It means that the grantor is guaranteeing that they own the property free and clear of any liens or encumbrances and that they have the right to transfer ownership to the grantee. If any issues with the title arise after the transfer, the grantor may be held liable and may have to compensate the grantee for any losses.

Advantages and Disadvantages of Quitclaim Deeds


  1. Simplicity: A quitclaim deed is a simple way to transfer property ownership without requiring an extensive legal process.
  2. Cost-Effective: Compared to other types of property transfers, a quitclaim deed is generally less expensive and can be completed quickly.
  3. Speed: Since there is no need for title searches or insurance, the transfer can happen quickly and without much delay.
  4. Flexibility: Quitclaim deeds can transfer property to family members, business partners, or anyone else without requiring extensive paperwork or formalities.


  1. Limited Protection: The grantee of a quitclaim deed has limited protection against any claims that may arise against the property compared to other types of deeds that provide stronger legal protections.
  2. Not Suitable for All Situations: Quitclaim deeds may not be appropriate for certain situations, such as when buying or selling a property or when a third party is interested.
  3. Potential for Disputes: If there are any disputes over ownership or claims against the property, a quitclaim deed may not provide enough legal protection for the grantee. It could result in costly legal battles to resolve the dispute.

Quitclaim Deeds and Mortgages

While a quitclaim deed removes an individual's name from the property title and removes that individual's right to property, it doesn't eliminate mortgage responsibilities. A quitclaim deed removes a name but does not absolve that person from needing to pay off any debts they incur as the property's owner.

The mortgage is a separate document from the quitclaim deed. This can come into play during a divorce. For example, if one spouse quitclaims their property to the other spouse, this doesn't remove either spouse's name from the mortgage — nor does it remove the responsibility to pay that mortgage.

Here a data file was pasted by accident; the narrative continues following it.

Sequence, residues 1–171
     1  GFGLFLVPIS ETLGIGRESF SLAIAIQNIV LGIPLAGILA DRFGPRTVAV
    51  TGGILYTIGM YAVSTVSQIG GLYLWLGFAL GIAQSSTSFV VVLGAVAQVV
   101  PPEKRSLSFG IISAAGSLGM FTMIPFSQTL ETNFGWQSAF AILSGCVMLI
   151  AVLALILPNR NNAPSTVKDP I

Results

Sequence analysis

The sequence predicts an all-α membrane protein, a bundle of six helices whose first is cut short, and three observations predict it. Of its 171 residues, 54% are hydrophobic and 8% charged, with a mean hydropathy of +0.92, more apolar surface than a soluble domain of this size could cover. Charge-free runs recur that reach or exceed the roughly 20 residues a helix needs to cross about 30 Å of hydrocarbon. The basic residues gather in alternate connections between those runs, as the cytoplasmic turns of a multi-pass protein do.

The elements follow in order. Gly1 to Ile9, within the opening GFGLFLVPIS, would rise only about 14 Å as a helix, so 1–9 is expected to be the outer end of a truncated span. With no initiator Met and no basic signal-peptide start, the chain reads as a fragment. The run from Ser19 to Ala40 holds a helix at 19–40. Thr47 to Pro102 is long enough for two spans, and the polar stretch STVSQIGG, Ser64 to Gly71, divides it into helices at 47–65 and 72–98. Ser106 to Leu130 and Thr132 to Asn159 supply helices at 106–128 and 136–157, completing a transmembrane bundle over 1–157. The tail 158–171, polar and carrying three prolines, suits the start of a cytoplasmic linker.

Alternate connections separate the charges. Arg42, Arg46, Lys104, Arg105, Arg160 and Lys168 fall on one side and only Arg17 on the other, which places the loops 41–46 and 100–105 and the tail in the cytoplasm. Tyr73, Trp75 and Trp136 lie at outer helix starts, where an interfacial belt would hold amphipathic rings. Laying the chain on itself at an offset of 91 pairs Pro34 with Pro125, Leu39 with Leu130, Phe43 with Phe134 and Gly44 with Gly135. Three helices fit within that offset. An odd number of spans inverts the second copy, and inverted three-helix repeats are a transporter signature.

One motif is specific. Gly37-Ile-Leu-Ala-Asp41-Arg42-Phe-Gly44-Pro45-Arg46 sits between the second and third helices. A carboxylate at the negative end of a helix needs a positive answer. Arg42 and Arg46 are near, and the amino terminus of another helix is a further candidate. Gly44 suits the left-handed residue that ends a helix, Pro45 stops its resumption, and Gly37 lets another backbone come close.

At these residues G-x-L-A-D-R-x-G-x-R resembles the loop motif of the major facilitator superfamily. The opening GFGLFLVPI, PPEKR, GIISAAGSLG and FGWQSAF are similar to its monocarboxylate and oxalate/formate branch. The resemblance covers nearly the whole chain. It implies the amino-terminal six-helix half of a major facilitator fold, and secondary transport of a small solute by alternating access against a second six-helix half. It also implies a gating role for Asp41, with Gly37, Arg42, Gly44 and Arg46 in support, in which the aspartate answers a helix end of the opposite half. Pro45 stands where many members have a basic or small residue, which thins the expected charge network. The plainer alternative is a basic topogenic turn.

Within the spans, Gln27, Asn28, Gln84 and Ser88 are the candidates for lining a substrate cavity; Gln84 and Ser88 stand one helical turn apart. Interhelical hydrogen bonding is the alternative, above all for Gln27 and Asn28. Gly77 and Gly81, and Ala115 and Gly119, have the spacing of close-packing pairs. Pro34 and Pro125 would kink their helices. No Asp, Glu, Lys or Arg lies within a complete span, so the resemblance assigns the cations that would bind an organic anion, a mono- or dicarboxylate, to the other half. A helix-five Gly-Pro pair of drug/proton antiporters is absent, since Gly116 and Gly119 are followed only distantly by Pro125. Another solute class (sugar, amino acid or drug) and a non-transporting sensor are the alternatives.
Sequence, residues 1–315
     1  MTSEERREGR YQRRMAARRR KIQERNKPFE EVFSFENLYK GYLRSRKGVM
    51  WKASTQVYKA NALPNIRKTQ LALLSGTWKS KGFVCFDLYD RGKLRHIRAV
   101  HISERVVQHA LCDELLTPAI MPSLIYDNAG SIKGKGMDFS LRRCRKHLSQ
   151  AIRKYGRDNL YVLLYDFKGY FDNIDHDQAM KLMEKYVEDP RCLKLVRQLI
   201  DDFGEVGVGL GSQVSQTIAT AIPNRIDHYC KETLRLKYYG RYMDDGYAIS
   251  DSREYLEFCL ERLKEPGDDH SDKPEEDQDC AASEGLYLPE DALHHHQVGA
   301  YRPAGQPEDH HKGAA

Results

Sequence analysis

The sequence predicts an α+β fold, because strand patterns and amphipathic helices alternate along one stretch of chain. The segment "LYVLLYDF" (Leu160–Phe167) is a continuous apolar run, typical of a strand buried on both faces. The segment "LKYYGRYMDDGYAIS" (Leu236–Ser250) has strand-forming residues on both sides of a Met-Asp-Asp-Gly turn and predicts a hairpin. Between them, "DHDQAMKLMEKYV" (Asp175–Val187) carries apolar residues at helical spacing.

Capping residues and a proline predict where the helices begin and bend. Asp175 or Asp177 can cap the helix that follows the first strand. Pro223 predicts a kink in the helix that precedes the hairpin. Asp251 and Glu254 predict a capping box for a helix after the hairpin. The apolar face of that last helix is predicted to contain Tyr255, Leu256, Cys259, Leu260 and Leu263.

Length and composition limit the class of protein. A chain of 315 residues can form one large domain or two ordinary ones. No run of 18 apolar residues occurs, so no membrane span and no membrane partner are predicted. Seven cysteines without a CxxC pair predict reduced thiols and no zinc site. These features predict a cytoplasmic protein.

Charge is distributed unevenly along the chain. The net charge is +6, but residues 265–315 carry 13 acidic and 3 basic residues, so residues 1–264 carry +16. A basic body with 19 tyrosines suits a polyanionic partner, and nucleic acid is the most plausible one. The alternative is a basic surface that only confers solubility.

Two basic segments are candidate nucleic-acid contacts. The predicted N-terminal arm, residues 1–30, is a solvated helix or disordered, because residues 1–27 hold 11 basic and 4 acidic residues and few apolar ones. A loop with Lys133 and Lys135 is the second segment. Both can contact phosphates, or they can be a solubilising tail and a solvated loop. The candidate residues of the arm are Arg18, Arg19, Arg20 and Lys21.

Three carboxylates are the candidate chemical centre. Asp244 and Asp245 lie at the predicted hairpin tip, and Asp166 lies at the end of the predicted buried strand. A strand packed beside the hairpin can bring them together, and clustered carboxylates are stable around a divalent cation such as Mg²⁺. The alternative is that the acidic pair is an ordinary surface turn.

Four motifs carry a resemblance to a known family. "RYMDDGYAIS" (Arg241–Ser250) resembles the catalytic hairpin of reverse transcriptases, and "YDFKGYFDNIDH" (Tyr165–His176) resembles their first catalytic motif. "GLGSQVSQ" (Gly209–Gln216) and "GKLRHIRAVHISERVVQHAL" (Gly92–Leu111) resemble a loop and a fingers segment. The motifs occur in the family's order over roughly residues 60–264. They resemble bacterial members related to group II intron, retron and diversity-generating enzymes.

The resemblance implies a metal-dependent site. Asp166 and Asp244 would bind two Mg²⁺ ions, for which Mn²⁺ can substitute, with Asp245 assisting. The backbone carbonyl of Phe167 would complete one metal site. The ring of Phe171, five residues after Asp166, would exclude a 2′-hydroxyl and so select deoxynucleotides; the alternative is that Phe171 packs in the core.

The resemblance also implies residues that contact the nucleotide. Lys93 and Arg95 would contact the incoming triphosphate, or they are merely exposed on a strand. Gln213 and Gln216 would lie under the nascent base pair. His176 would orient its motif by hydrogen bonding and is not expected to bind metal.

The only ways to relieve a borrower from their mortgage obligation are by using:

  • A payoff of the mortgage
  • A refinance ( Here is an article about refinancing your mortgage)
  • A sale of a property that results in a mortgage payoff

Deed transfers, including quitclaim deeds, solely impact property ownership and do not affect existing mortgages on the property.

Although a quitclaim deed removes an individual's name from the property title and their right to the property, it does not release them from any mortgage responsibilities. Even after a quitclaim deed, the individual must continue to pay off any debts they incurred as the property owner.

It is important to note that a mortgage is a separate document from the quitclaim deed, which can become relevant in situations such as divorce. For instance, if one spouse transfers their property to the other spouse using a quitclaim deed, it does not remove either spouse's name from the mortgage nor their obligation to pay it.

To relieve a borrower from their mortgage obligation, they can use one of the following methods: a payoff of the mortgage, a refinance, or a sale of the property that results in a mortgage payoff.

Key Terms for a Quitclaim

  • Quitclaim Deed: A legal document that transfers ownership of real property in a state from one person (grantor) to another (grantee) without any warranties or guarantees regarding the property's title or condition.
  • Grantor: The person who currently owns the property and is transferring ownership through the Quitclaim Deed.
  • Grantee: The person receiving ownership of the property through the Quitclaim Deed.
  • Consideration: The amount of money or other valuables exchanged between the grantor and grantee as part of the Quitclaim Deed transaction. It is worth noting, Quitclaim Deeds are often transacted for no consideration, such as gifting or transferring a property.
  • Cloud on Title: Any claim, lien, or other encumbrance that could affect the grantee's property ownership, even though the grantor makes no warranties or guarantees about the property's title.

Final Thoughts on a Quitclaim

A quitclaim deed is significant because it provides a simple, cost-effective way to transfer property ownership. However, it provides no guarantees or warranties about the title or ownership.

For help with Quitclaim deeds, we would recommend getting in touch with a real estate lawyer who specializes in these types of documents. Seeking professional legal advice is always the best course of action for this type of transaction.

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Asked on May 12, 2022

Can a quit claim be contested after 18 years for any reason?

X is trying filing to contest

Elbert T.

Answered Jun 3, 2022

Hello! I hope you are well! If X is contesting a defective or invalid deed, and the quitclaim deed has been recorded for at least five years, then the deed will be considered valid. Under Oklahoma law, an instrument (in your case, the quitclaim deed) that has not been acknowledged or which contains a defective acknowledgment shall be considered valid notwithstanding such omission or defect, and shall not be deemed to impair marketability, provided such instrument has been recorded for a period of not less than five (5) years. 16 O.S. §§ 27a & 39a. I would note that my response is limited based on the information that you have provided and that each individual situation may present its own unique issues. I hope this helps!